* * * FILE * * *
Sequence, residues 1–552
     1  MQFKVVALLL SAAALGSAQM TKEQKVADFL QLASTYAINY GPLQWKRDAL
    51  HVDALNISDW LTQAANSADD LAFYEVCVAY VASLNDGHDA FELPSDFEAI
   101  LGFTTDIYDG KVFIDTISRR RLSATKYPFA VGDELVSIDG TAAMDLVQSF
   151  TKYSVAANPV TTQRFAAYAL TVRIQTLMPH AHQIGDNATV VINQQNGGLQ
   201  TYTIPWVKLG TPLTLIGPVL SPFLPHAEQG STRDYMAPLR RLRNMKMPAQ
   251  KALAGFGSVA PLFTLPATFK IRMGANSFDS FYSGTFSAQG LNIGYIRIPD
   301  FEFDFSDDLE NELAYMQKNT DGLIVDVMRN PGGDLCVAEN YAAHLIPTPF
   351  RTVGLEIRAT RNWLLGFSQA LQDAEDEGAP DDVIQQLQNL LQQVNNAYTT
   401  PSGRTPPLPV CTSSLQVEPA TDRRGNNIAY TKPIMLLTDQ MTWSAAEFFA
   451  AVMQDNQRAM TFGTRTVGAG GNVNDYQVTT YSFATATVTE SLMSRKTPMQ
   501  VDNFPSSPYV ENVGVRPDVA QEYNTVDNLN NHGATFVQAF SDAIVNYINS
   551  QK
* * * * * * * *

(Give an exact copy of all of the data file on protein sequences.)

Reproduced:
Sequence, residues 1–552
     1  MQFKVVALLL SAAALGSAQM TKEQKVADFL QLASTYAINY GPLQWKRDAL
    51  HVDALNISDW LTQAANSADD LAFYEVCVAY VASLNDGHDA FELPSDFEAI
   101  LGFTTDIYDG KVFIDTISRR RLSATKYPFA VGDELVSIDG TAAMDLVQSF
   151  TKYSVAANPV TTQRFAAYAL TVRIQTLMPH AHQIGDNATV VINQQNGGLQ
   201  TYTIPWVKLG TPLTLIGPVL SPFLPHAEQG STRDYMAPLR RLRNMKMPAQ
   251  KALAGFGSVA PLFTLPATFK IRMGANSFDS FYSGTFSAQG LNIGYIRIPD
   301  FEFDFSDDLE NELAYMQKNT DGLIVDVMRN PGGDLCVAEN YAAHLIPTPF
   351  RTVGLEIRAT RNWLLGFSQA LQDAEDEGAP DDVIQQLQNL LQQVNNAYTT
   401  PSGRTPPLPV CTSSLQVEPA TDRRGNNIAY TKPIMLLTDQ MTWSAAEFFA
   451  AVMQDNQRAM TFGTRTVGAG GNVNDYQVTT YSFATATVTE SLMSRKTPMQ
   501  VDNFPSSPYV ENVGVRPDVA QEYNTVDNLN NHGATFVQAF SDAIVNYINS
   551  QK